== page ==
More practice makes better performance

So your daughter or son wants to play or plays a musical instrument and they ask, “Why is it important to practice?”

My students ask this question a lot, and there are many answers. “Because I told you to practice” is not one of their favorites!

Many times when I am asked this question I tell a story, so … here goes.

When I was a young trumpet player, I was told to practice 30 minutes, five days a week. My mother used to put an egg timer on the arm of the sofa where I practiced. I, like many of my students, did not enjoy practicing as much as I did performing. I knocked more egg timers off the arm of the sofa, and destroyed them in the process, than I care to remember.

Needless to say, mom was not happy.

After a few broken egg timers, my mom stopped using the egg timer and would sit and listen to me play. At first I was not happy about this, but when she would offer comments or encourage me, I liked it. Then one day, I realized my mom was my audience! I was no longer practicing, I was performing. After a little while, I realized the more I practiced, the better I was at playing the trumpet. I liked that, and soon I began to practice without being told to do so.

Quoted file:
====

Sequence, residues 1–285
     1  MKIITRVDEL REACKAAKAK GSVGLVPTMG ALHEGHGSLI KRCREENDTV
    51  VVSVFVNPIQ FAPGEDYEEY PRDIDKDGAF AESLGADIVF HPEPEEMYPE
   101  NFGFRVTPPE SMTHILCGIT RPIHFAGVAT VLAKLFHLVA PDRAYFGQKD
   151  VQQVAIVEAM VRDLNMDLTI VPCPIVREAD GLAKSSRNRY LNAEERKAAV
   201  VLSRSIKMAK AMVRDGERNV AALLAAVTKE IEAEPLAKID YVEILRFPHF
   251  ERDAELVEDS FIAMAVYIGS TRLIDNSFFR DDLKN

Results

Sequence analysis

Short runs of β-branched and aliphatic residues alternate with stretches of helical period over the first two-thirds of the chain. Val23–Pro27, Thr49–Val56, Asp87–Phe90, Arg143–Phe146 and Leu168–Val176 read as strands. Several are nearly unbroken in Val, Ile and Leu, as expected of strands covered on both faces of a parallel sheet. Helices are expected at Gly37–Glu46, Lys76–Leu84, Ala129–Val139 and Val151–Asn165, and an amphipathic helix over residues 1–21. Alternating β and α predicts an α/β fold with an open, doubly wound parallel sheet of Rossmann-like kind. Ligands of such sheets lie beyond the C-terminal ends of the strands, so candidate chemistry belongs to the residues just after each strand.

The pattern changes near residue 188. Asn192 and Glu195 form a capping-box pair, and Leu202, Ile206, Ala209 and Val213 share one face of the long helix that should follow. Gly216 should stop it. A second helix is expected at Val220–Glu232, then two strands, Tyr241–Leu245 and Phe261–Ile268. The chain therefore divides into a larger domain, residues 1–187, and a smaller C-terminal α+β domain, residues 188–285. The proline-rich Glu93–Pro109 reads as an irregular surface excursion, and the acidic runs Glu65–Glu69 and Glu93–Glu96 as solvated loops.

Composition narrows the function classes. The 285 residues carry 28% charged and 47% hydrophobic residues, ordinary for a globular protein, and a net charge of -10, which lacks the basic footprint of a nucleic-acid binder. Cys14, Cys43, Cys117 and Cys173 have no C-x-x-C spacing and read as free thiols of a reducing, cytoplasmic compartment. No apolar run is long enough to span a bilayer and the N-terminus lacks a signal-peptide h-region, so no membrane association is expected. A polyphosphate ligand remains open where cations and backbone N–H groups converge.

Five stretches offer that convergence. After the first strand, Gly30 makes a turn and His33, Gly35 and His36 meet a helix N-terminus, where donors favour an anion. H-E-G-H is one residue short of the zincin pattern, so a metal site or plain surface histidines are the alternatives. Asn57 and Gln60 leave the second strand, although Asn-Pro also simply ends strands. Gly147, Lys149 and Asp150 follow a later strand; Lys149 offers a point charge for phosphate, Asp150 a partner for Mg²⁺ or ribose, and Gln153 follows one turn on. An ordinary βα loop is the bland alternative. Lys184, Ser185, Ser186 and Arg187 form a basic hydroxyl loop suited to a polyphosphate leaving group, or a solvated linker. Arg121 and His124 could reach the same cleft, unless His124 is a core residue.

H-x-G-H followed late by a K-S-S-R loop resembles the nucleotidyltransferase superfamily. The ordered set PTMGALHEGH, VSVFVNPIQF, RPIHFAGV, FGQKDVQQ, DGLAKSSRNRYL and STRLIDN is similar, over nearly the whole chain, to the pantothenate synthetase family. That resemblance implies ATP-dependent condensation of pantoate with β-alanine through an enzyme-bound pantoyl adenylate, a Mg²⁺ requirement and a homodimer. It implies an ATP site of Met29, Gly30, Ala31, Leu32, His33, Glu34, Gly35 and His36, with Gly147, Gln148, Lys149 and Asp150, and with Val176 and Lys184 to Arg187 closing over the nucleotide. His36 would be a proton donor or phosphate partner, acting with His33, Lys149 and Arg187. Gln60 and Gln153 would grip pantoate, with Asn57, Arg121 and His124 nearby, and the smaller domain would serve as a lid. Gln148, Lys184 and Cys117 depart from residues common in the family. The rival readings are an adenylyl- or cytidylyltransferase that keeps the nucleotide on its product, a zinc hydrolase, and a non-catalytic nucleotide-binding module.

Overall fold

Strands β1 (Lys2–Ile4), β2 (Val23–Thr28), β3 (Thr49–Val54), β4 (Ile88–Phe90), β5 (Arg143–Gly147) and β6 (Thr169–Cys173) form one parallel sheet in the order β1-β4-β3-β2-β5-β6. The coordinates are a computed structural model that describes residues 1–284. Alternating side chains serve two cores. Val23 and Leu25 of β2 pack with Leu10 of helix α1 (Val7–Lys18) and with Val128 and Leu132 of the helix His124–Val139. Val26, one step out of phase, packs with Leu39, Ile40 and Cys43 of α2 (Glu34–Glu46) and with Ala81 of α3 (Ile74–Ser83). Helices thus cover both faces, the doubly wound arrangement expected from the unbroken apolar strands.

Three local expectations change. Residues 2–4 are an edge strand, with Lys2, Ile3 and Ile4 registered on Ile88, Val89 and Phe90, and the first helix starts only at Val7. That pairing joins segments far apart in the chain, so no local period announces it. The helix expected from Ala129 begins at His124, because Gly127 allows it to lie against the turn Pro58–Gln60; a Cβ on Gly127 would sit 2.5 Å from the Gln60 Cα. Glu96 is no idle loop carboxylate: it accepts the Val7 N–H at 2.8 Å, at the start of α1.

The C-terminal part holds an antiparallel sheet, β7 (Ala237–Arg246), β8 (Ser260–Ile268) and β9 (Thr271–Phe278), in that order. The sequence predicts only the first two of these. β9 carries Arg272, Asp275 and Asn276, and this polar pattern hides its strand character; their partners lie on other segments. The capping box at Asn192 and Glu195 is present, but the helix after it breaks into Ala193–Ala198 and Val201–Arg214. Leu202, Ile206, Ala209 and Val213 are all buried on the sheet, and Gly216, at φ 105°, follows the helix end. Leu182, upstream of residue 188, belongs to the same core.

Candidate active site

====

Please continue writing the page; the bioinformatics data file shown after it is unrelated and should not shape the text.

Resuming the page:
My point is that one way to get young musicians to practice is for parents or guardians to participate in the practice sessions. You can sit and listen, or if you were in band, you can get out your instrument and play along. The important thing is to be engaged and participate.

You may also wonder how much your daughter or son should practice. I tell my students that they should practice until they can play all of their music, so they have a positive impact on the ensemble. (I am a high school band director, and that is my perspective).

If they want more information, I tell them practice for at least 30 minutes, five days a week, for a total of 150 minutes (some things never change). One thing to remember is, it is better to practice for 30 minutes, five days a week, than one session for 150 minutes. Repetition is an important aspect of getting better at almost everything, so the more practice sessions a musician has, the better the music will be.

I hope this helps, but if it does not, you can always just say, “because I told you to practice.” That might be all it takes.

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Arthur F. Belfiore is the Director of Bands at Mifflin County High School.